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Theatre in Review: Men on Boats (Clubbed Thumb/Playwrights Horizons)

Photo: Elke Young

The title of Jaclyn Backhaus' new play isn't especially accurate: Men on Boats features no men and only the barest representations of boats. Yes, this historical comedy focuses on the explorer John Wesley Powell's 1869 Colorado River expedition, a several-months-long journey that was marred by severe deprivation and death. (Three members of the group disappeared and were never found.) It sounds like the stuff of a rugged action film, and indeed it was the basis of the 1960 epic Ten Who Dared, starring such sagebrush cinema veterans as Brian Keith, James Drury, and Ben Johnson.

However, Backhaus states in her author's notes, "The characters in Men on Boats were historically cisgender white males. The cast should be made up entirely of people who are not. I'm talking about racially diverse actors who are female-identifying, trans-identifying, gender-fluid, and/or non-gender-conforming." Also non-conforming is the dialogue, which is intentionally anachronistic and marked by a sketch-comedy sensibility. So Powell, played by Kelly McAndrew, confers with the hunter/trapper William Dunn (Kristen Sieh) about naming a nearby mountain. Dunn's suggestions: "Dunn Mountain. Mount Dunn. Craggy Range. Volcano of Dunn." Frank Goodman (Birgit Huppuch), an increasingly reluctant British member of the company, catches some fish, then muses, "If only I had a crisp Muscadet." Dreaming of summers in France, he adds, "People don't risk death in Provence, other than trying a strange bouillabaisse."

When the men grumble about having lost their supplies in some very rough rapids, Powell seizes the opportunity to engage in a little one-upmanship, noting that his crew members have joined up for various reasons, adding ferociously, "You know why I'm here? I'm here because my friend, the fucking President of the United States, needed a better knowledge of the arid lands of this nation." That shuts them up. The author has also apparently decided that the word "portage" is a sure laugh-getter, working it into as many lines as possible. ("I didn't want to portage because it was impossible to portage that section of the river." "You didn't want to portage because you're useless when we portage.") Each of the actresses gives special stress to the word, as if sheer repetition will cause hilarity to erupt. Of course, the word appears so often because so much of Men on Boats consists of the actresses, standing inside cut-out frames of boats -- there were four on the expedition -- howling and making wild gestures while Jane Shaw's excellent sound design delivers a series of highly evocative effects associated with riding the rapids.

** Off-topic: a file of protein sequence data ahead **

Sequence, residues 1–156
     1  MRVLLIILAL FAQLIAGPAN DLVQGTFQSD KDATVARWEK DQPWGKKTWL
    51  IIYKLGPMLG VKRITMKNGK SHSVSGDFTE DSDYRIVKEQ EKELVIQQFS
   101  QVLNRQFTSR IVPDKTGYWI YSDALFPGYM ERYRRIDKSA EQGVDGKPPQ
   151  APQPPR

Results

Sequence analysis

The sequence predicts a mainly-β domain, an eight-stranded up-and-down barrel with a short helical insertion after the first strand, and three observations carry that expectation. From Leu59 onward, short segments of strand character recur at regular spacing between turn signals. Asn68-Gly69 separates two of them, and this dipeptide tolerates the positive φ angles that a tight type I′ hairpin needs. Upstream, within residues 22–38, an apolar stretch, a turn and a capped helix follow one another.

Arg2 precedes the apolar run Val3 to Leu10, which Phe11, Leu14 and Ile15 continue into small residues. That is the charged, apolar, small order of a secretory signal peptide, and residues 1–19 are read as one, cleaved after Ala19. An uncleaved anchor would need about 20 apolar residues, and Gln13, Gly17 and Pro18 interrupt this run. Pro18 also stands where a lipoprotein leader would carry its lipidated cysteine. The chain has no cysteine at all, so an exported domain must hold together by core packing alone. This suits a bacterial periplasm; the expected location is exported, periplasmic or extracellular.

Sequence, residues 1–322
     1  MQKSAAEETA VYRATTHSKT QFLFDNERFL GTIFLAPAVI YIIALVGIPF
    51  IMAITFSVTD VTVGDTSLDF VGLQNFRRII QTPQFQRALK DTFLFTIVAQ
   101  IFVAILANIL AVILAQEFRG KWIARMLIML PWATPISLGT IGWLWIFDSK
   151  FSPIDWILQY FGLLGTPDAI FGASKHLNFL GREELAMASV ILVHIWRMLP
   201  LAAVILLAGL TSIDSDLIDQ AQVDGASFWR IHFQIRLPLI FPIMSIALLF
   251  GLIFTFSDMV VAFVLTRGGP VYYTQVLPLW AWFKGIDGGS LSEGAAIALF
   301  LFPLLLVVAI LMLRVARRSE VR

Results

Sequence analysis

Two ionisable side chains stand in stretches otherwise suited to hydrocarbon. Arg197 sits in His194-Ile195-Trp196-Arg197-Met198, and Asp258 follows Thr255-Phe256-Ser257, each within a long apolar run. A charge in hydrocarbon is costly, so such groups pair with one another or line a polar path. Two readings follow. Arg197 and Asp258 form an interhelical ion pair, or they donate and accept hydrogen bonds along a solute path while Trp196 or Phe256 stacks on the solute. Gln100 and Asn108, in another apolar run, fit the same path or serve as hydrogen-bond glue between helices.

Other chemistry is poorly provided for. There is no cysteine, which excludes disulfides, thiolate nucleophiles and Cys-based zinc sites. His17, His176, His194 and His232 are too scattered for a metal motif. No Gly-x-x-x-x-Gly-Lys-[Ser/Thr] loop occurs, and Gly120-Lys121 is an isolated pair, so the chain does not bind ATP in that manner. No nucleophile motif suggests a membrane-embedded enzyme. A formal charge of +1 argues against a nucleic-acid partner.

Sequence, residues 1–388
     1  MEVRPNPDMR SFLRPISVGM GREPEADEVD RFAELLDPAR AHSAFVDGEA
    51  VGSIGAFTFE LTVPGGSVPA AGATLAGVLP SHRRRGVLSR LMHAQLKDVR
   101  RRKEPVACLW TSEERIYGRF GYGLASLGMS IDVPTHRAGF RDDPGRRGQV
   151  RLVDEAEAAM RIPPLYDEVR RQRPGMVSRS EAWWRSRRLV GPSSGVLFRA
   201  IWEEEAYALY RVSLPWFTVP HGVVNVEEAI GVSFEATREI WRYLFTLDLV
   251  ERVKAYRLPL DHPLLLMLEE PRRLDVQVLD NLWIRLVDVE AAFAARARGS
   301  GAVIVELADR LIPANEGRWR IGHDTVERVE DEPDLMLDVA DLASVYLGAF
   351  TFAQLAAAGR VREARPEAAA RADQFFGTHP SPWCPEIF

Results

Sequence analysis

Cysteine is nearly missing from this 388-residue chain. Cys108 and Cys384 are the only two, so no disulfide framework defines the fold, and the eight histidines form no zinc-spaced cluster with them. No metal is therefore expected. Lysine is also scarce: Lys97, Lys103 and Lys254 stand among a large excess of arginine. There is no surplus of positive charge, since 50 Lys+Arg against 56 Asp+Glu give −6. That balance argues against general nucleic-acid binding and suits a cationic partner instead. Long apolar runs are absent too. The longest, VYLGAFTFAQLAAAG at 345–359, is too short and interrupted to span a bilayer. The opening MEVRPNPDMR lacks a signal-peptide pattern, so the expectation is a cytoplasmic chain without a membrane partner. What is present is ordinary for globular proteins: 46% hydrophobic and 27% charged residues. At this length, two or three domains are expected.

Whatever Backhaus was going for, Men on Boats spends much of its time on verbal gags that don't quite land and multiple instances of cast members engaging in pretend acts of derring-do, trying to keep their boats afloat, pretending to reach out for each other at dizzying heights, and clutching at the mountains depicted in the photo images of rock cliffs that decorate the walls of Arnulfo Maldonado's set. These sequences, not terribly amusing in themselves, become wearying when spread out over an hour and forty minutes of running time. There are occasional hints of a larger purpose, including mild swipes at the concept of Manifest Destiny and comments on the vagaries of history. (There is a telling moment near the end when the others realize that Powell alone will enter the historical record, the rest of them facing obscurity and misfortune.) And there is the whole women-playing-men thing, an attempt (I suppose) at deconstructing traditional notions of masculinity, a shooting fish in a barrel exercise that requires more effort than it is worth. The play finds a sharply satirical point of view only briefly, in a sequence featuring Powell's meeting with Tasauwiat, chief of the Ute Indians, and his wife, The Bishop, played with deadpan glee by Hannah Cabell and Danaya Esperanza. When Powell takes note of their fluent command of English, the following exchange takes place:

The Bishop: We learned a long time ago. When we started land negotiations with white people.

Powell: Oh wow. Cool.

The Bishop: Yeah it was cool. They let us keep our birth lands, so we were pretty stoked.

Tasauwiat: Yeah we were pretty stoked, yeah. "The Generosity," you know?

The glassy smiles that complete this exchange speak volumes, hilariously.

The rest of the time, however, Men on Boats is a trip without a clear destination, an exercise in storytelling devices that have seemingly captivated the playwright, leaving her with little else to say. Under Will Davis' direction, which at least sustains a coherent performance, everyone acts gamely, with McAndrew proving particularly convincing as Powell and Huppuch carving out a distinctive comic cameo as Goodman, who is the first to bolt from the trip in search of creature comforts. Maldonado's set makes a strong impression, giving us a sense of the pitiless terrain through the company travels; however, Solomon Weisbard's lighting depends heavily on backlighting and footlighting effects that often leave one wishing for better coverage of the actresses' faces. Ásta Bennie Hostetter's costumes sometimes seem a little dressy for men living rough in uncharted territory, but they do the very necessary job of individualizing each character, something the script doesn't always adequately manage.

Men on Boats ends with a surprise twist I won't reveal, which leads to the rather melancholy conclusion suggesting that, except for Powell, the others endured great hardship for little personal satisfaction. By the end of the play, I knew how they felt. -- David Barbour


(12 August 2016)

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